Molybdenum meaning

mə-lĭbdə-nəm
A hard, silvery-white metallic element used to toughen steels and in corrosion-resistant nickel alloys. An essential trace element in plant nutrition, it is used in fertilizers, dyes, enamels, and reagents. Atomic number 42; atomic weight 95.96; melting point 2,623°C; boiling point 4,639°C; specific gravity 10.22 (at 20°C); valence 2, 3, 4, 5, 6.
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A very hard, lustrous, silver-white metallic chemical element, used in alloys, points for spark plugs, etc.: symbol, Mo; at. no. 42
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A hard, silvery-white metallic element that resists corrosion and retains its strength at high temperatures. It is used to harden and toughen steel and to make high-temperature wiring. Molybdenum is an essential trace element in plant metabolism. Atomic number 42; atomic weight 95.96; melting point 2,623°C; boiling point 4,639°C; specific gravity 10.22 (at 20°C); valence 2, 3, 4, 5, 6.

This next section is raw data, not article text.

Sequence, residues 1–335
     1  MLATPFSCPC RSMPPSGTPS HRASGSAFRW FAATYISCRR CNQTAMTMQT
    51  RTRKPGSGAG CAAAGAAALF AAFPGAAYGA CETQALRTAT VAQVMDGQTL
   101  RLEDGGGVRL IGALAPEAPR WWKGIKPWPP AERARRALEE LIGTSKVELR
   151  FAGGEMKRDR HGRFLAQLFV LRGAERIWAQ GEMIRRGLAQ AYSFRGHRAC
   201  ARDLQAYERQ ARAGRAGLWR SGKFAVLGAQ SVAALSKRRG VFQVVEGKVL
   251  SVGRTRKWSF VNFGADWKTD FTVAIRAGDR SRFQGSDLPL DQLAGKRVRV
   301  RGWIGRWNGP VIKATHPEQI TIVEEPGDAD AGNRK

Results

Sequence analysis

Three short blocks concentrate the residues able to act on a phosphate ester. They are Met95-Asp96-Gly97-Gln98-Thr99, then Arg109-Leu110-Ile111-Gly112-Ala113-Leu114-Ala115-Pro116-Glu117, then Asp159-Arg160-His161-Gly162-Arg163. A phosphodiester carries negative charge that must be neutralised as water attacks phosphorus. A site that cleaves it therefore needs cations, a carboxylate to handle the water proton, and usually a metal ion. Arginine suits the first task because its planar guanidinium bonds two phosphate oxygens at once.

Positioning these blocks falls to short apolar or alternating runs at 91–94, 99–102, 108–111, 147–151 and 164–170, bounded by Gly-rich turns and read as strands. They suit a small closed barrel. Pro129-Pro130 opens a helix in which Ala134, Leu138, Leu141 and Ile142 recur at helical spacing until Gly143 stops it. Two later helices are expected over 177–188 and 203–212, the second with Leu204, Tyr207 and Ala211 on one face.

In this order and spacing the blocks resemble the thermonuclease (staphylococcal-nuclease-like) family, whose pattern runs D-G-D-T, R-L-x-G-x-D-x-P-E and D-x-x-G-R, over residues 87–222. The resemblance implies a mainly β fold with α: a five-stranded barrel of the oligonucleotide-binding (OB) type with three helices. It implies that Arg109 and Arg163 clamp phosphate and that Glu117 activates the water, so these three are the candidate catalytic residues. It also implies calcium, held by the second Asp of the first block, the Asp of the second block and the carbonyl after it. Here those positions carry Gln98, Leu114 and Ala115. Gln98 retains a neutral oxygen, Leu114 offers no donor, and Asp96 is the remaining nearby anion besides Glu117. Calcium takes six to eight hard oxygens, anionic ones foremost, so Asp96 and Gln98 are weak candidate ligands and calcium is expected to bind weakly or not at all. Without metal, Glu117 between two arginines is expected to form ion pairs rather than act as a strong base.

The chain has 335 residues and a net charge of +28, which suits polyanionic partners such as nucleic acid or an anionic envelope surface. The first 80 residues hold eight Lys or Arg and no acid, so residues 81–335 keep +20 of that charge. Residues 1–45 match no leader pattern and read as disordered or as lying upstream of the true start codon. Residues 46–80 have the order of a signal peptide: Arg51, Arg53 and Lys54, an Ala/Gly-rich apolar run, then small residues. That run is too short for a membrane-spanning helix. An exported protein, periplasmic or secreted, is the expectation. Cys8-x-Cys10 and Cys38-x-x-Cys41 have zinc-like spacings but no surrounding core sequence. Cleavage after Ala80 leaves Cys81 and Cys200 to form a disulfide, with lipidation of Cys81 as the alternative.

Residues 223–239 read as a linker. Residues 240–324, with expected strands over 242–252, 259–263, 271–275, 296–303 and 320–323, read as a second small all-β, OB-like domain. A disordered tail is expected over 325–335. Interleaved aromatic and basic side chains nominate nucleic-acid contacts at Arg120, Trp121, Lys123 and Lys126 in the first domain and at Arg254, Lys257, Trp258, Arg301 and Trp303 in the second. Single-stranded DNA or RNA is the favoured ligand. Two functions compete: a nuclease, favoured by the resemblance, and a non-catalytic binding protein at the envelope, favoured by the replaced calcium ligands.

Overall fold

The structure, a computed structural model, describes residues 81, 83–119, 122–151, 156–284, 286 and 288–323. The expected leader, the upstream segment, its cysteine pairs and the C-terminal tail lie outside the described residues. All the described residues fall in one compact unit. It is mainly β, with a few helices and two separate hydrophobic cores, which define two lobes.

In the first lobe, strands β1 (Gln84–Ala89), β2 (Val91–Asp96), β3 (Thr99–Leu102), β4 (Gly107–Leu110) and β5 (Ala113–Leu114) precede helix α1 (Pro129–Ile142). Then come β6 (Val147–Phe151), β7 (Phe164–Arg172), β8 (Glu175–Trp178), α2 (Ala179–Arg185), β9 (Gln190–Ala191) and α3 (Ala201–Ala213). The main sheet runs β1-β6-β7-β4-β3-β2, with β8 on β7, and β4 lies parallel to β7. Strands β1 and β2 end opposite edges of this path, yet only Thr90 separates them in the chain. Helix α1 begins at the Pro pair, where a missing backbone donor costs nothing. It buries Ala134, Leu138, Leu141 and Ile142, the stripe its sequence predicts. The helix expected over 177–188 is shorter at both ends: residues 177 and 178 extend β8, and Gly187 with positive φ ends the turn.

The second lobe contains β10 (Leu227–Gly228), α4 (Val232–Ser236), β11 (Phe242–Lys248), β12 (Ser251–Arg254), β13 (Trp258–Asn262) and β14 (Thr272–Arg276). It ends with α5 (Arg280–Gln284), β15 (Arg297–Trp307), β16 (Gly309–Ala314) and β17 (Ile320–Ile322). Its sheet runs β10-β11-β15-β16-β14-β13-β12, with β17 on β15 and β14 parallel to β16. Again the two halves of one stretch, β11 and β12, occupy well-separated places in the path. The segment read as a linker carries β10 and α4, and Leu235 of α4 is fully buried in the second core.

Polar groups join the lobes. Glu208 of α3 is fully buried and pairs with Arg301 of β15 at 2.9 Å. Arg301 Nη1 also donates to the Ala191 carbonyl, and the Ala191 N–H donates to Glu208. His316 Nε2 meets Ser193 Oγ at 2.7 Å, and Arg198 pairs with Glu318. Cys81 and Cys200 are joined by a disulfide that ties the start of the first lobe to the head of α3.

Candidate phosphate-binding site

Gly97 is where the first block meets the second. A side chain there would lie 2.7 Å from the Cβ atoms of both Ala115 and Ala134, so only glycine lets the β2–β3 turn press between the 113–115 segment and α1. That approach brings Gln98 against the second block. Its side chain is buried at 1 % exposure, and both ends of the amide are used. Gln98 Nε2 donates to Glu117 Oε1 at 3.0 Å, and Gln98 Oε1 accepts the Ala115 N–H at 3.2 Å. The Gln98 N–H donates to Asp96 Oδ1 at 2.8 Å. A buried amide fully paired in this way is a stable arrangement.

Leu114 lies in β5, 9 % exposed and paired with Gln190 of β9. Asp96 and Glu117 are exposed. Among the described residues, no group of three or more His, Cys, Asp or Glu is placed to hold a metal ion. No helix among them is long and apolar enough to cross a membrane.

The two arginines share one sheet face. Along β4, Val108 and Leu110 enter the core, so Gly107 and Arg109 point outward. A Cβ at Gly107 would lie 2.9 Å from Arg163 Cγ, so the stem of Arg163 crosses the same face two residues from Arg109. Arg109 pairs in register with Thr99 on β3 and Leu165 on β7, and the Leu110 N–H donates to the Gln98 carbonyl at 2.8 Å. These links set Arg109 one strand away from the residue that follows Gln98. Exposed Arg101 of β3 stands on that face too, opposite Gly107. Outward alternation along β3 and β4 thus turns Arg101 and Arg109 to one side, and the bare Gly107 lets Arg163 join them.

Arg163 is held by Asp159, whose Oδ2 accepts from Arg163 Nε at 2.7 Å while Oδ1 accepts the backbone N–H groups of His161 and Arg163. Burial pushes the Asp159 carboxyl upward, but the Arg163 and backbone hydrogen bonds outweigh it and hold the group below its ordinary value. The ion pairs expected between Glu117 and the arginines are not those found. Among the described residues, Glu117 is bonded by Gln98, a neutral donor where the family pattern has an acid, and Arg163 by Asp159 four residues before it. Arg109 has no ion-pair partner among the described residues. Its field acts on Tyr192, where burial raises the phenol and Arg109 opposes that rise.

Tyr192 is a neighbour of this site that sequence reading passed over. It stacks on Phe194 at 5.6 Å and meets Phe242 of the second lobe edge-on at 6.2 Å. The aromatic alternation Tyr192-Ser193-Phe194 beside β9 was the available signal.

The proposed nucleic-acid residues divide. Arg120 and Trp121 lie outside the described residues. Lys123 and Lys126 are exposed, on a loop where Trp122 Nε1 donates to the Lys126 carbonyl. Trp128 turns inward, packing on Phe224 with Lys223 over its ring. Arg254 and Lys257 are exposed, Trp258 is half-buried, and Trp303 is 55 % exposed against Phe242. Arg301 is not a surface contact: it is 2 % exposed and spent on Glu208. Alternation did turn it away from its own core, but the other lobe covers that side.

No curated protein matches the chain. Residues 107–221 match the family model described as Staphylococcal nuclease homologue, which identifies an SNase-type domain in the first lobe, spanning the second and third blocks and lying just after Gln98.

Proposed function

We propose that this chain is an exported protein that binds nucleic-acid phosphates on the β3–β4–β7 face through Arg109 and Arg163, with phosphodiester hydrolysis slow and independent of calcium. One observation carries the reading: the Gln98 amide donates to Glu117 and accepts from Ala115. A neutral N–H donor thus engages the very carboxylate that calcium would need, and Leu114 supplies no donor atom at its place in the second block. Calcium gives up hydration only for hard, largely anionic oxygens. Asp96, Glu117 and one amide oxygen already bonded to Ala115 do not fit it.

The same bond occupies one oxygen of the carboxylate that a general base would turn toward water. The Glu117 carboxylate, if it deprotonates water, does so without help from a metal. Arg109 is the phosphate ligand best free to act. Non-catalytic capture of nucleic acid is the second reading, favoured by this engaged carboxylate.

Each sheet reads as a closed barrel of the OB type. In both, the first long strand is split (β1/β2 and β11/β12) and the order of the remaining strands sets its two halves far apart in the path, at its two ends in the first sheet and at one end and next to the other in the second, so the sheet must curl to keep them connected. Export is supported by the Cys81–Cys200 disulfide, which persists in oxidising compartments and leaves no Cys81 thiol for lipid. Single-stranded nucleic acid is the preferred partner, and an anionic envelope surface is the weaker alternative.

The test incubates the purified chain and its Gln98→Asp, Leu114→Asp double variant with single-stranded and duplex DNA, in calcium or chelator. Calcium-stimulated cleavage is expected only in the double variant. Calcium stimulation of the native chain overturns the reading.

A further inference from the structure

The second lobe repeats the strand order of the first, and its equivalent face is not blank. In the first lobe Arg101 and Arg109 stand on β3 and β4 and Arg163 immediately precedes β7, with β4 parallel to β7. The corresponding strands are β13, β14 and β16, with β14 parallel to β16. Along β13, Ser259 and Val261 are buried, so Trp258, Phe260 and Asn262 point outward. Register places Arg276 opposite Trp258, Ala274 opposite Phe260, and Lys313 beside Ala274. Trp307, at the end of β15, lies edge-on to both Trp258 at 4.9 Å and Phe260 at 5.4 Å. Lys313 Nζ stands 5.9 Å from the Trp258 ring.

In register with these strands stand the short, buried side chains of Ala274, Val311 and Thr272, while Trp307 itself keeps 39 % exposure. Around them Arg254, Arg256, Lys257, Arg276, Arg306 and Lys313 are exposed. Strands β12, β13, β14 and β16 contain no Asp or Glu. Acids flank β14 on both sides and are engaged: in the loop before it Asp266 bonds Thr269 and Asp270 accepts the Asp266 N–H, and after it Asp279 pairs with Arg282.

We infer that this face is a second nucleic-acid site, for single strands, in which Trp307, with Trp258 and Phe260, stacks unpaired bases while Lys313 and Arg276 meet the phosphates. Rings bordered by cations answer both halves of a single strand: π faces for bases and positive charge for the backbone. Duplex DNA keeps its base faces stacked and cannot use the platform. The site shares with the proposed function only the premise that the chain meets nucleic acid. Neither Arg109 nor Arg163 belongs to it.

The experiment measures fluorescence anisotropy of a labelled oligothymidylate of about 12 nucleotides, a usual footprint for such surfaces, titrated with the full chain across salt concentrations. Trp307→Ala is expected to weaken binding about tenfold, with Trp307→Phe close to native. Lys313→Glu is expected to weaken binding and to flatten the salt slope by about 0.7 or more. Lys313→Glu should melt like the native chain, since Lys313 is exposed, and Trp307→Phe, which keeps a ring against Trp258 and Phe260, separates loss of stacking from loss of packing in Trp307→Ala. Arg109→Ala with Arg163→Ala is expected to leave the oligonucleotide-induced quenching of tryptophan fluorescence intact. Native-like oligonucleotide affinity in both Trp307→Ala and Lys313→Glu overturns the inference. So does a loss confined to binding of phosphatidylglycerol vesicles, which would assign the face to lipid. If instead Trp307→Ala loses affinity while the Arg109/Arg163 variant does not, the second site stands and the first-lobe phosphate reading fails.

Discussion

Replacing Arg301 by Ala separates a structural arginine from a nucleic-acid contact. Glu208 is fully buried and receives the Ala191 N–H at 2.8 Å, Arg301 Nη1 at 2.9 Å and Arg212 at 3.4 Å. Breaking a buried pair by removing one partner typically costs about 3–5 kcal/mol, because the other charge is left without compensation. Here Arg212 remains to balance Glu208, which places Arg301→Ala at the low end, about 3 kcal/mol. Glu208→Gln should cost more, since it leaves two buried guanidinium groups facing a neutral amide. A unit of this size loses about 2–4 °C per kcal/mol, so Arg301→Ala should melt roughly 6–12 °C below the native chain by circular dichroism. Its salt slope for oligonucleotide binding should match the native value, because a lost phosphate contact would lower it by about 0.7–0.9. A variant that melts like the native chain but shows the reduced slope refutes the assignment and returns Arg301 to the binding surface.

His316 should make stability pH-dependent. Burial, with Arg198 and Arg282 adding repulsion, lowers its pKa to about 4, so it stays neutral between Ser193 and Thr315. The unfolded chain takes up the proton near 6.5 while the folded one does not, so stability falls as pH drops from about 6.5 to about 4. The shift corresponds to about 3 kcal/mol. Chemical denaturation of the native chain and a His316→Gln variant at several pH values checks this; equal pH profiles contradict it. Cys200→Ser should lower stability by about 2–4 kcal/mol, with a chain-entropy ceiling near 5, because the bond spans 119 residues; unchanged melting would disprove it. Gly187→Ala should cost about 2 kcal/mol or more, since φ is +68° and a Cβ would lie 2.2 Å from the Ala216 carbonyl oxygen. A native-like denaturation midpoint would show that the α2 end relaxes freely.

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A metallic chemical element (symbol Mo) with an atomic number of 42.
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Origin of molybdenum

  • New Latin from earlier molybdena lead ore from Latin molybdaena galena from Greek molubdaina from molubdos lead probably from Lydian mariwda dark

    From American Heritage Dictionary of the English Language, 5th Edition

  • From New Latin molybdenum, from Ancient Greek μόλυβδος (molubdos, “lead"), because the two elements are so similar they were often confused.

    From Wiktionary